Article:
Sibiu               h=176
h=253
Timisoara         Rimnicu
Vilcea         Bucharest
h=329                           h=0
h=193
Greedy Search
Notice that : It finds solution without ever
expanding a node that is NOT on the
solution path.

The solution path is not optimal

Arad Sibiu Rimnicu Vilcea Pitesti Bucharest
with path cost of (140+80+97+101 = 418) is
32km LESS than
(path cost = 140+99+211 = 450)
Greedy Search
• It is only concerned with short term
gains
• It is possible to get stuck in an infinite
loop (consider being in Iasi and trying
to get to Fagaras) unless mechanism
for avoiding repeated states is in place
• It is not optimal
• It is not complete
Time and space complexity is O(Bm); where
m is the depth of the search tree
Observations
Uniform cost search (UCS) using g(n) is OPTIMAL
and COMPLETE

UCS is a special case of breath-first search, therefore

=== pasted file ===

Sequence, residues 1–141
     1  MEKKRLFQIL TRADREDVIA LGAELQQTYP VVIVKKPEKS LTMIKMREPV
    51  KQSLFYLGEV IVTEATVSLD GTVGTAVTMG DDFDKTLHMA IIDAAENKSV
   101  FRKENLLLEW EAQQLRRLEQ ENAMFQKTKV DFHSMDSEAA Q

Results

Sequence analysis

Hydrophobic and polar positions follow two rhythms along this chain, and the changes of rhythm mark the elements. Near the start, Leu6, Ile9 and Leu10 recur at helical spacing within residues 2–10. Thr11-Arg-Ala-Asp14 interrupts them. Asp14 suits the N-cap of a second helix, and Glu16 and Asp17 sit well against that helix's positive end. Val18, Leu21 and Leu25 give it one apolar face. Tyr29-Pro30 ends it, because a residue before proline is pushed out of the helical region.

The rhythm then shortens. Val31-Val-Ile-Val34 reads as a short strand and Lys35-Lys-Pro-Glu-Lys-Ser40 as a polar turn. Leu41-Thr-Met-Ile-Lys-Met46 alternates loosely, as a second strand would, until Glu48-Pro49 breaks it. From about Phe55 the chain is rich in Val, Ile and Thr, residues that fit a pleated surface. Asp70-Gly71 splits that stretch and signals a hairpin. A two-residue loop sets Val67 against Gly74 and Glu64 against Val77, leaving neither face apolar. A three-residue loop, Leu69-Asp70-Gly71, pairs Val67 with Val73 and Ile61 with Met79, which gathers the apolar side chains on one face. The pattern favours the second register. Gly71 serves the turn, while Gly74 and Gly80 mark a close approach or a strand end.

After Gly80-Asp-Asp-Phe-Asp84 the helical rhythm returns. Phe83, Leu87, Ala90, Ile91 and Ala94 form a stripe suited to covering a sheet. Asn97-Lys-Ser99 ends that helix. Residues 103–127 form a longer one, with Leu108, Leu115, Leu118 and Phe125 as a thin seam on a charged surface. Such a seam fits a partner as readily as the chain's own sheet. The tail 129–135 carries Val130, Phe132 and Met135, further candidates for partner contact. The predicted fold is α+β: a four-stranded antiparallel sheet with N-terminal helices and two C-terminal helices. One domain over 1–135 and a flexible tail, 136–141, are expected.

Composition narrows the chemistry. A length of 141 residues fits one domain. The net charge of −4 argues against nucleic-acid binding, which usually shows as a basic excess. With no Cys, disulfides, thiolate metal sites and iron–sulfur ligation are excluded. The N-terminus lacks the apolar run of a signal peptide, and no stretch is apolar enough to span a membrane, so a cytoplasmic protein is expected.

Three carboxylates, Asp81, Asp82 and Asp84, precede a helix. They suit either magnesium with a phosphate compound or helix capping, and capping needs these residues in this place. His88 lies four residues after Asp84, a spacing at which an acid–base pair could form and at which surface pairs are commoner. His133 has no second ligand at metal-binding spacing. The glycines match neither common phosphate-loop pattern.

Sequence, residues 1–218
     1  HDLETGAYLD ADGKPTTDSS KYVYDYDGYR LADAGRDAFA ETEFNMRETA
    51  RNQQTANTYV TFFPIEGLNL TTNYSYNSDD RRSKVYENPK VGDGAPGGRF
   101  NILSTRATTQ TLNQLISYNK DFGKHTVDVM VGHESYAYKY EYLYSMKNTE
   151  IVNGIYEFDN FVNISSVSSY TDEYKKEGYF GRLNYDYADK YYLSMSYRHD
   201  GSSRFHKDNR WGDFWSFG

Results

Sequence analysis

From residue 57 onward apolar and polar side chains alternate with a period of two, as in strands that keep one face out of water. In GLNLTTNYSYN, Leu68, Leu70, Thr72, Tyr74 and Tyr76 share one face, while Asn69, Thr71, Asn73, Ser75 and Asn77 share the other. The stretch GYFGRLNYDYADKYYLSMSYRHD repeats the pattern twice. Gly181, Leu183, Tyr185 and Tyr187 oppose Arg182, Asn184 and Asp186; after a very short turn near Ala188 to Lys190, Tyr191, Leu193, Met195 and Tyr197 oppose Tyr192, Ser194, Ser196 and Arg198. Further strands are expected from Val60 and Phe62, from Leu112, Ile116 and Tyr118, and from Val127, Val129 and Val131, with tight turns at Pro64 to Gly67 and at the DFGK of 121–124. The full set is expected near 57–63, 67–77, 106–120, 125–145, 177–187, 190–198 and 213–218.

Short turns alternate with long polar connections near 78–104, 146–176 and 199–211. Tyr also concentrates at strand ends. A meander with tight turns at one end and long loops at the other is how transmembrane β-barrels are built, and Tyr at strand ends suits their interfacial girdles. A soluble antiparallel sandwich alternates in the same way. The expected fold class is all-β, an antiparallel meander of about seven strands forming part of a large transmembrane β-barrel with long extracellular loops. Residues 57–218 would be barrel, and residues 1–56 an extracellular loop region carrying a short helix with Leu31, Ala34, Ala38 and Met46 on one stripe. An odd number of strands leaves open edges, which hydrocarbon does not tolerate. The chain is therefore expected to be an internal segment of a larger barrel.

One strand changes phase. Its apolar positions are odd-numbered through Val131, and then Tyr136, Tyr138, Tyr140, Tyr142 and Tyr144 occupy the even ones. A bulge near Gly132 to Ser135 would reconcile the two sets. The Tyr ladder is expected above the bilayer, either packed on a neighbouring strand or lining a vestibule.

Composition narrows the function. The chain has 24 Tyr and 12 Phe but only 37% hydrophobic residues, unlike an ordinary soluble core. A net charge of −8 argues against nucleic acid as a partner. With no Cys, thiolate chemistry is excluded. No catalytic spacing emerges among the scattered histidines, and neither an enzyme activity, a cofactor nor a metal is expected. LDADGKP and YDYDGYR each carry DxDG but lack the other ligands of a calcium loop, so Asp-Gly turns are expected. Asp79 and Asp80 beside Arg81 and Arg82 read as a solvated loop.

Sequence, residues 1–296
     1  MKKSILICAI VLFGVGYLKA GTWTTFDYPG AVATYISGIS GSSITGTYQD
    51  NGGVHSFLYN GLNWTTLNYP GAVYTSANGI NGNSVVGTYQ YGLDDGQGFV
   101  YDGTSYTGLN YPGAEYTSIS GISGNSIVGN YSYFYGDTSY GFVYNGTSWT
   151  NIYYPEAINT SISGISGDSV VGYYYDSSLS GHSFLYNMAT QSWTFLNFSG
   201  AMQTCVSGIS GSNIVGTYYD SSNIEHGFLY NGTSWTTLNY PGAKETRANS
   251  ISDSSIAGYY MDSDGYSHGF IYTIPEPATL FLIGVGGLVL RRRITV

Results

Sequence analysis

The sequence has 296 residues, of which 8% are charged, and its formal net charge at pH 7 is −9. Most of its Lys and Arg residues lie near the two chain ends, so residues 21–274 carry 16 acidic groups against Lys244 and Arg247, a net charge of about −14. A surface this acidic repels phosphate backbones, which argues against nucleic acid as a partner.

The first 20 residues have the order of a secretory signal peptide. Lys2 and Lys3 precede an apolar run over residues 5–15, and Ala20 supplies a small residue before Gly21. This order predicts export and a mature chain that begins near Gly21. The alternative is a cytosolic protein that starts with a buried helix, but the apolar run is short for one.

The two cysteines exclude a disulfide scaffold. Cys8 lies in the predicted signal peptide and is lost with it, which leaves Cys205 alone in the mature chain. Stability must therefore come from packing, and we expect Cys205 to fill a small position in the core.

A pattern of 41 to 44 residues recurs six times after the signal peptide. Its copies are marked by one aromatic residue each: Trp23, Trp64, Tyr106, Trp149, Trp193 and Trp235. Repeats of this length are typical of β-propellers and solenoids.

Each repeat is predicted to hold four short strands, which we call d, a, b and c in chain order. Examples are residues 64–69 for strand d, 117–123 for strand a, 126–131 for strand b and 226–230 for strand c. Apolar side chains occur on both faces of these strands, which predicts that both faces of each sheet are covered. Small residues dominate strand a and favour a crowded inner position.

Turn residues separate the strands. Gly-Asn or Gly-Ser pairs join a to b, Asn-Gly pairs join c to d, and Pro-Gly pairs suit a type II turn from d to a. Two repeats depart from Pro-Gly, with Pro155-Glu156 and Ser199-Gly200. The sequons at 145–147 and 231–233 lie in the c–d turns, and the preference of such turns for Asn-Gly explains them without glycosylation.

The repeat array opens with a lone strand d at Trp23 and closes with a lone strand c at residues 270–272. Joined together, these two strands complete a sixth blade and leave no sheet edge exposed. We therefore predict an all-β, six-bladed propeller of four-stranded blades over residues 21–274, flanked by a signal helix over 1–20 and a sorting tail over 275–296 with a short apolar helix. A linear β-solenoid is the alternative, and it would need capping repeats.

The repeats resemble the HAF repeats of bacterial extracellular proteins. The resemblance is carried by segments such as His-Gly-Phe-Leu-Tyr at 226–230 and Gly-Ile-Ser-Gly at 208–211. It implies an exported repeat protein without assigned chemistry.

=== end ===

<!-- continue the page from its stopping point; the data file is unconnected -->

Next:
it is INEFFICIENT

Greedy search behaves like depth-first search as it
prefers to follow a single path [guided by h(n)] all
the way to the goal. It is thus EFFICIENT but it is
NOT optimal NOR complete

The A* (A Star) search combines the above two
strategies to get both advantages, using the
evaluation function f(n) = g(n) + h(n)
A* Search
• Combines the cost so far and the
estimated cost to the goal, i.e. f(n) =
g(n) + h(n). This gives an estimated cost
of the cheapest solution through n
• It can be proved to be optimal and
complete providing that the heuristic
function is admissible, i.e. h(n) never
overestimate the cost to reach the goal

28km